“Aviva Investors was actively pursuing an infrastructure debt strategy when we were pursuing ours. Our interests happened to have coincided and when we had our first meeting back in September 2009 the concept we were promoting was what they were looking for. I definitely pitched to them what our strategy was and they then pitched to me their fund management role, which I thought was a fantastic thing for us and we agreed how the relationship would work,” Bajer explained.
That led to the current arrangement, where Aviva Investors acts as the fund manager – responsible for relations with current investors, marketing and bringing in new capital – and Bajer’s Hadrian’s Wall Capital originates and executes deals and provides monitoring and surveillance services to the fund investors and the investors which buy Hadrian’s Wall’s bonds.
And then, of course, there is the EIB.
If imitation is the sincerest form of flattery, then Bajer should feel very flattered indeed. Not only did the EIB buy into the Hadrian’s Wall concept enough to be one of the fund’s first investors, it
liked the concept so much it decided to openly emulate it.
After all, the EIB’s project bond initiative is, as Bajer put it, “identical” to what Hadrian’s Wall is doing. The only difference is that the EIB can provide either a funded or unfunded subordinated debt tranche, whereas Hadrian’s Wall will always fund the tranche.
WAITING ON A FIRST DEAL
Returning to Bajer’s proof of concept remark, what will Hadrian’s Wall’s first deal look like? And perhaps more importantly, when is it going to happen?
“There are still a large number of transactions out there requiring financing,” Bajer points out.
“I wouldn’t like to bet on what the first project we close will be, but I think it’s fair to say there is a strong emphasis on demonstrating execution capability, so that places a premium on deals we can
do quickly. I would think a refinancing would come first just because there are a number of such processes taking place in the UK over the next few months,” he added.
There aren’t many limits to the type of deal Hadrian’s Wall can do – although Bajer points out he’s not too keen on greenfield volume risk. But whether it’s a primary or secondary deal, you can be sure of one thing: Hadrian’s Wall’s first deal is going to showcase the competitive advantages of long-term financing.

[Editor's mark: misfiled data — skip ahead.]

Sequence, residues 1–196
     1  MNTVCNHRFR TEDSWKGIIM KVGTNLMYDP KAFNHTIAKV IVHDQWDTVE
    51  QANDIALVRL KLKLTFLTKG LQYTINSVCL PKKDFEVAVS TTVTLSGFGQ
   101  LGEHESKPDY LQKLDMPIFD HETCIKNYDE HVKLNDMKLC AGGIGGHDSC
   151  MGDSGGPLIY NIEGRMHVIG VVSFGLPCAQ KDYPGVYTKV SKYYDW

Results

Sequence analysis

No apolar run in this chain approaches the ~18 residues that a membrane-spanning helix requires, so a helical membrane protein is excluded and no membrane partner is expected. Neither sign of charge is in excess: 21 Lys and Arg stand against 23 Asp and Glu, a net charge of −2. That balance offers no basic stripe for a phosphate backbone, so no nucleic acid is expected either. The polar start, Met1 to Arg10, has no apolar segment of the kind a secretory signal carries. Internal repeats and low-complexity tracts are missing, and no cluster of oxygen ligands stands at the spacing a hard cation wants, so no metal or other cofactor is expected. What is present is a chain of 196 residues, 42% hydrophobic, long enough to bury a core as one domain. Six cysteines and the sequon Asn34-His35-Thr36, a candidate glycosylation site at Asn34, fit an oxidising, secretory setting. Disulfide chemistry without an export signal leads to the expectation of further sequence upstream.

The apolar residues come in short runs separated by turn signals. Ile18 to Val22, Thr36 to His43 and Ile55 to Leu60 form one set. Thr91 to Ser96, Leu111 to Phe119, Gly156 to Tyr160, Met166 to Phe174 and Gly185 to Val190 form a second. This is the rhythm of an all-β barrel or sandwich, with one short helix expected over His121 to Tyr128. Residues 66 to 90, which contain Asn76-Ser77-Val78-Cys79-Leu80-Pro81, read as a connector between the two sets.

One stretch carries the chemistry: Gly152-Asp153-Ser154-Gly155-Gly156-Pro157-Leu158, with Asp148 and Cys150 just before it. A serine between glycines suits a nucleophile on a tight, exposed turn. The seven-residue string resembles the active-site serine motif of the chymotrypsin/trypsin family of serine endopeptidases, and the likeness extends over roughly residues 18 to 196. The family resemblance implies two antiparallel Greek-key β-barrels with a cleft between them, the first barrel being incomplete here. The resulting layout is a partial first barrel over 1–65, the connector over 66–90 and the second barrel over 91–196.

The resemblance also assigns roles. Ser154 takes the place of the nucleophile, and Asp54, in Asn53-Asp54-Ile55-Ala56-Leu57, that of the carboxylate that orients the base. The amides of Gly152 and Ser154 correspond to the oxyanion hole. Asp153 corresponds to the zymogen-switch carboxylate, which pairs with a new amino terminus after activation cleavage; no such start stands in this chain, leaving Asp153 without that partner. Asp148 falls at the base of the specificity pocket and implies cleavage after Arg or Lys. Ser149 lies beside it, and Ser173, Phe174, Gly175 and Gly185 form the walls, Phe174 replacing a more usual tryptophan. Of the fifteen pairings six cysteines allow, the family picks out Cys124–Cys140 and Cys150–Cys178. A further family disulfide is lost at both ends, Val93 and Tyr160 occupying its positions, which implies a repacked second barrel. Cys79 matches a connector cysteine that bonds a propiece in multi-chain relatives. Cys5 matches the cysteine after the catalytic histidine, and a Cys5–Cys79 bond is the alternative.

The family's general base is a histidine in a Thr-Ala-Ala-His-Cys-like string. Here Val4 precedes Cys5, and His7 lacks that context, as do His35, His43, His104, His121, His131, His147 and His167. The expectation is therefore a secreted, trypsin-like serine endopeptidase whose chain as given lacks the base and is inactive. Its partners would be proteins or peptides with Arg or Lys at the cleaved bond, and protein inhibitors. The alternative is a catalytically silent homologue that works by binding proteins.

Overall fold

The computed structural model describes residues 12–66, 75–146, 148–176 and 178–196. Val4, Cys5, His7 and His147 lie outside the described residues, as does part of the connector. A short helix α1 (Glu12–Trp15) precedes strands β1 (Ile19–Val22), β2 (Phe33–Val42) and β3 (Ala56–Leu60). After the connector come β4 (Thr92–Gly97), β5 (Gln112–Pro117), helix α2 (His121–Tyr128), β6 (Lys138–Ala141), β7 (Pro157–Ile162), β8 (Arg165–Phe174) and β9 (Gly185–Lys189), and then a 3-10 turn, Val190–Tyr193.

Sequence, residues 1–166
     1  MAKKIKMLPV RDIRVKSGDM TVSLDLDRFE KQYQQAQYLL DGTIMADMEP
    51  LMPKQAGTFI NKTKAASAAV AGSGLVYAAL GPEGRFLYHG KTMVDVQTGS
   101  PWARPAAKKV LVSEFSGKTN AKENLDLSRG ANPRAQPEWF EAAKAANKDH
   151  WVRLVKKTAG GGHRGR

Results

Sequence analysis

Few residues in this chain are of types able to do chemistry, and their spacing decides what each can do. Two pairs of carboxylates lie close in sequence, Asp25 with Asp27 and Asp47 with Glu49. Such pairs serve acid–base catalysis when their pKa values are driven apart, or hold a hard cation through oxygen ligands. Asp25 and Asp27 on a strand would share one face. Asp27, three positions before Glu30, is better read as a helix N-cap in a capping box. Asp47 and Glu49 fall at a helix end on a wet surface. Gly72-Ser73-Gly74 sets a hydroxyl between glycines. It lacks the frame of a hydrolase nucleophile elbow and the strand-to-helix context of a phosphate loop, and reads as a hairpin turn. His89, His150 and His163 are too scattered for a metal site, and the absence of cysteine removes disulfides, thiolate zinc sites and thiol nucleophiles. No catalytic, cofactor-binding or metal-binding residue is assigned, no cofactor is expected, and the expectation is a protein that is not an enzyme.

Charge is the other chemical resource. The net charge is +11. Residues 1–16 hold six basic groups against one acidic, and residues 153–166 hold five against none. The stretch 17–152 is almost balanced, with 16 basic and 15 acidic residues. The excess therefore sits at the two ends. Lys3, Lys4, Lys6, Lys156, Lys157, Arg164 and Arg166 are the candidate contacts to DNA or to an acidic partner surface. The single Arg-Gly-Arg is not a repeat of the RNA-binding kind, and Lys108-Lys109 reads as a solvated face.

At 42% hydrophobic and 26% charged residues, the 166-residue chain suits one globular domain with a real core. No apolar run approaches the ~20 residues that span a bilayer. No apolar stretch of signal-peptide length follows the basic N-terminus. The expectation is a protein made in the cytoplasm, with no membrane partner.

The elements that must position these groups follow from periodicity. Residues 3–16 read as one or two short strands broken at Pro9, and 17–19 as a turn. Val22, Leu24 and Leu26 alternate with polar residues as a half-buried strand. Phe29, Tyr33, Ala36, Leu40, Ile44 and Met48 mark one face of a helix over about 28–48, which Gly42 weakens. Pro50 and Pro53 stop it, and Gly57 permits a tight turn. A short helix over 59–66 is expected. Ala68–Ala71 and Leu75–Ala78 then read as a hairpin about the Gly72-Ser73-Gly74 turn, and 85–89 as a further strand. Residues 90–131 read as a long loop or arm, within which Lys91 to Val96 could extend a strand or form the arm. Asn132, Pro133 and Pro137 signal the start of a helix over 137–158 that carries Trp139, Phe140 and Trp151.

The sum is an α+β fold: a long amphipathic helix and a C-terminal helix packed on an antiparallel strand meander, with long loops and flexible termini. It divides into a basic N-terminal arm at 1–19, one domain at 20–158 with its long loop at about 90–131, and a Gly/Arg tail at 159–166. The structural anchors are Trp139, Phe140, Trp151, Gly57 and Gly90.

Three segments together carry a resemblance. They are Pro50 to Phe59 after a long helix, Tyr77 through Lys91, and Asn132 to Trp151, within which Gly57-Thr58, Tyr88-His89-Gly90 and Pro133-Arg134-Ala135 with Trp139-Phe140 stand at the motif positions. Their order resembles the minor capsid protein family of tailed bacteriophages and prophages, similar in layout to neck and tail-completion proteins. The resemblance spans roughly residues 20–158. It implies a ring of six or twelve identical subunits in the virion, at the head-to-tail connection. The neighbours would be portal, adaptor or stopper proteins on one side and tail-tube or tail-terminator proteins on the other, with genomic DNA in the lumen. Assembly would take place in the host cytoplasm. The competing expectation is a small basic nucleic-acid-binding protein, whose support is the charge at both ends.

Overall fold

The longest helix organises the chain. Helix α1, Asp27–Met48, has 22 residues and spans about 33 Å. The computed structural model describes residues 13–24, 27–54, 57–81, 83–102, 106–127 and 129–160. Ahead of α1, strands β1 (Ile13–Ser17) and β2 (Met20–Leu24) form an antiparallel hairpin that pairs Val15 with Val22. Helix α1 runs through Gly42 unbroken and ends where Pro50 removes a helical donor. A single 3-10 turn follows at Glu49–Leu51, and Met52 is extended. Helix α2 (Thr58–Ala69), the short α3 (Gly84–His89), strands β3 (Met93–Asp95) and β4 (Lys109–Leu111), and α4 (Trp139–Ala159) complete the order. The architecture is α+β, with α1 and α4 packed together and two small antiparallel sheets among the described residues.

“I challenge you to produce a bank that is going to provide a 35-year fixed rate deal in today’s market,” Bajer says.
“There is huge value in having longer tenor and taking 100 percent of the refinancing risk off the table. Our argument is that on anything approaching an equal price [between bank debt and
the Hadrian’s Wall solution], a 30-year fixed rated deal is going to be much better than a 10-year fixed-rate deal,” he emphasises.
That’s always been the obvious strength of the Hadrian’s Wall proposal: the tantalising promise of a return to asset-matching long-term funding and the disappearance of refinancing risk – even if these perks will never be priced as low as bank debt circa 2007.
Now all Hadrian’s Wall needs is some momentum.
“I want to create a new market,” Bajer stresses. “I don’t want it to be just me – I want it to be 10 other guys, globally, doing what we are doing in five years’ time. This industry needs a global
investor-based debt financing market.
And that doesn’t really happen with a bilateral lending fund approach. We are going to facilitate access to a vast reservoir of long-duration money through fixed-income transactions that trade, that are liquid, and where you can have a deep and wide market to do deals.
That is fundamentally what the industry needs,” he concludes.